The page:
Ann Labounsky, Ph.D, FAGO, Ch.M


  • César Franck at 200
    808 Howell St
    July 6 @ 8:00 am
    What do we know about the performance practice of the organ music of César Franck? Is there one correct interpretation? Both Labounsky and  Ferré have studied the complete organ works of César Franck with Jean Langlais at Sainte-Clotilde during the 1960s and provide first-hand accounts of his performance practice. Langlais was part of a continuum of interpretation through his teachers at INJA in Paris, his study with Marchal, and later with Tournemire. This style of interpretation was directly opposed to the Dupré’s style. In what ways did they differ? Was there a common denominator in interpretation in this style? How did the organs affect the interpretation? Other issues include tempi, repeated notes, registration, acoustics, adapting to American organs, levels of musical and technical difficulty, editions, recordings, and errata in the scores. Participants will receive handouts with historical background, errata, and how Franck composed.
  • Our Study With Jean Langlais
    808 Howell St
    July 7 @ 9:00 am
    Labounsky studied organ and improvisation with Jean Langlais from 1962-1964 under a Fulbright grant and subsequently recorded his entire opus of organ music. She also wrote a biography of the composer “Jean Langlais: the Man and His Music” as well as a video of his life based on the. Ferré studied with Langlais in Paris in the summer of 1964, and again on a Fulbright Scholarship in 1968-69. Both artists were guides of Langlais during his American tours in 1964 and 1967, respectively and both studied with Dupré.  As contrasted with understanding Franck’s style of interpretation through a continuum of interpretation, these two artists have first-hand knowledge of Langlais’ style and life from study with him. Both artists studied with him at the Schola Cantorum in Paris as well as at Sainte-Clotilde. Detailed handouts will be given to the participants.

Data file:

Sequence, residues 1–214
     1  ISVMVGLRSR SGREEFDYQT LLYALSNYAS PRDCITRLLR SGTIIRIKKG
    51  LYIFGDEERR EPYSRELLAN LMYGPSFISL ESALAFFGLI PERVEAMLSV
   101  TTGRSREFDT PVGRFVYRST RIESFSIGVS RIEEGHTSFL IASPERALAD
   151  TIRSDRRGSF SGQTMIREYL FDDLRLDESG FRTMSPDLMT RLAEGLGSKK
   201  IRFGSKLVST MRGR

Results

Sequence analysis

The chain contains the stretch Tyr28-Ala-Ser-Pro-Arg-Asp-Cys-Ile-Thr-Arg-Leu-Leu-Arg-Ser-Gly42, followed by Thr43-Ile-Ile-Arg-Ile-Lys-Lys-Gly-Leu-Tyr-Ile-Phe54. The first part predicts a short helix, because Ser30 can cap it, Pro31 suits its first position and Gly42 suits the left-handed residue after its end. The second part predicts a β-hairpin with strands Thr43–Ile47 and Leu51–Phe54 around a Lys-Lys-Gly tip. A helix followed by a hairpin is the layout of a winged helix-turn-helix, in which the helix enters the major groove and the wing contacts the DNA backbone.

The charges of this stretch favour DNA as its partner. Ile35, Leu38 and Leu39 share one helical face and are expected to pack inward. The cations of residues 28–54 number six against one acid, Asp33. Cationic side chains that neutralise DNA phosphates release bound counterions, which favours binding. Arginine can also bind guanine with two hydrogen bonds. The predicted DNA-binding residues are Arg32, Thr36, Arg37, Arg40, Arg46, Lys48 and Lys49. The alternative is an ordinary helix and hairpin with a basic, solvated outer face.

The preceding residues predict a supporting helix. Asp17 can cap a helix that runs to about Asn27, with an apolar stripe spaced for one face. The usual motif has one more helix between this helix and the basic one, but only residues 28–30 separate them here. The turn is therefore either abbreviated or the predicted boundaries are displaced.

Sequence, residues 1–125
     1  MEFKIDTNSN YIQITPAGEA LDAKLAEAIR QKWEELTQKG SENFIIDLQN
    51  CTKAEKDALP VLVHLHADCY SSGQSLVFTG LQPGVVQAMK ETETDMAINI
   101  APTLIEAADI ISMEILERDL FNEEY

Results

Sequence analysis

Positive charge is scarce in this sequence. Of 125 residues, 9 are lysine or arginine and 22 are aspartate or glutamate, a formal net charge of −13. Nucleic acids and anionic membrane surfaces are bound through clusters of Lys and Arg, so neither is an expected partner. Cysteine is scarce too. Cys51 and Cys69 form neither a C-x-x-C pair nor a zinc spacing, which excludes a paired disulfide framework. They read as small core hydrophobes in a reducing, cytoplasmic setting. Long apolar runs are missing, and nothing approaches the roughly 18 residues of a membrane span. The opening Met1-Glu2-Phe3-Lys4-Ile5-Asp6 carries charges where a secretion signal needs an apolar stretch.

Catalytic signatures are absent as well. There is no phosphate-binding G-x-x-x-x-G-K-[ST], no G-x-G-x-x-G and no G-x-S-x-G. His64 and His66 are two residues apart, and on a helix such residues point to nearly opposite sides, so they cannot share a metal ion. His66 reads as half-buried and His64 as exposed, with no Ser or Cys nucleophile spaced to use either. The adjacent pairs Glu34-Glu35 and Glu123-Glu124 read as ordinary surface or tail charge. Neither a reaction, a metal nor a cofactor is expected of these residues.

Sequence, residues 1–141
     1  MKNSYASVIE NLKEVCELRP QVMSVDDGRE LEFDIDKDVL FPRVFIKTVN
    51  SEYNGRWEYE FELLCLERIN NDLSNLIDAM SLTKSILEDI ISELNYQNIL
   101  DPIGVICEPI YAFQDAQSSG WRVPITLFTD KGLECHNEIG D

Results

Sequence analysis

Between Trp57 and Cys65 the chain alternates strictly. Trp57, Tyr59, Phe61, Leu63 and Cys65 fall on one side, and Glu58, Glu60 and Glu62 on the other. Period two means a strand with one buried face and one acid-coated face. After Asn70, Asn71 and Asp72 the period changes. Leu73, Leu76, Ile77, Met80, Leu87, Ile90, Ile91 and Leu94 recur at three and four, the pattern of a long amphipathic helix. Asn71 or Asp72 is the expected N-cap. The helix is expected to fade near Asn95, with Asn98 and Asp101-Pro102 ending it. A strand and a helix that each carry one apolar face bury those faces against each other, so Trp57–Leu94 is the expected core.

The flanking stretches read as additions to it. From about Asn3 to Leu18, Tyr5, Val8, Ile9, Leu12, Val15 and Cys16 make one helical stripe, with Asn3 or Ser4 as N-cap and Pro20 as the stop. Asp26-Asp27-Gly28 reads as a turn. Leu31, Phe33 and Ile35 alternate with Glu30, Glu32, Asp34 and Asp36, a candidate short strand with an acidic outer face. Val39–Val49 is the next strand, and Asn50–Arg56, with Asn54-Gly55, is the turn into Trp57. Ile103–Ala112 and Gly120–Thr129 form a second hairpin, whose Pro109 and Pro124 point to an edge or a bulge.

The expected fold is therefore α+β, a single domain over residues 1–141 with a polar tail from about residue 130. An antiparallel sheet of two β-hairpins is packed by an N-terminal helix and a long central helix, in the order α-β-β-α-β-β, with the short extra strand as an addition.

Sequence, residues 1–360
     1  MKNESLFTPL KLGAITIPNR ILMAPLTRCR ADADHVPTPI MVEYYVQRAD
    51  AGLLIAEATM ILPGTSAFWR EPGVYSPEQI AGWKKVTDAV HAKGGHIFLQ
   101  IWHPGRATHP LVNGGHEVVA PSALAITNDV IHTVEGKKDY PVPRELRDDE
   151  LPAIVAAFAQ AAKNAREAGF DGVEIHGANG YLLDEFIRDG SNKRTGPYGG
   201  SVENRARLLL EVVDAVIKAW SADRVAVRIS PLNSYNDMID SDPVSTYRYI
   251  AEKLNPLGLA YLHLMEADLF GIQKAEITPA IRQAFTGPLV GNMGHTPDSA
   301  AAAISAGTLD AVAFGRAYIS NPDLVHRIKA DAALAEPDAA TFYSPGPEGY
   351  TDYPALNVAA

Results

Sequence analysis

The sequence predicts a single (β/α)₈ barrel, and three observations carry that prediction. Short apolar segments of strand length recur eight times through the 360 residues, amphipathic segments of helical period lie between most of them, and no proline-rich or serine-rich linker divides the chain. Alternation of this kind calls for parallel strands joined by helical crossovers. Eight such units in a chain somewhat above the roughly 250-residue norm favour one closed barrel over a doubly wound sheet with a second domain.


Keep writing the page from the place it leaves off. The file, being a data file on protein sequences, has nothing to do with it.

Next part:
Ann Labounsky

Ann Labounsky, Ph.D, FAGO, Ch.M., Chair of Organ and Sacred Music at Duquesne University where she oversees undergraduate and graduate programs in sacred music. She serves as Organ Artist in Residence at First Lutheran Church and Organist/Choir Director at the Episcopal Church of the Redeemer in Pittsburgh.  An active member of the American Guild of Organists, she has worked as Director of the National Committee on Improvisation, Councilor for Education for the AGO. Author of a biography of Langlais, Jean Langlais: the Man and His Music, she recorded the complete organ works by Jean Langlais (26 cds) for the MHS now released on Voix de Vent Recordings and performed in a DVD of his life based on this biography, a project sponsored by the Los Angeles AGO Chapter. Her most recent work involved the AGO webinar on Langlais’ performance practices and improvisation. (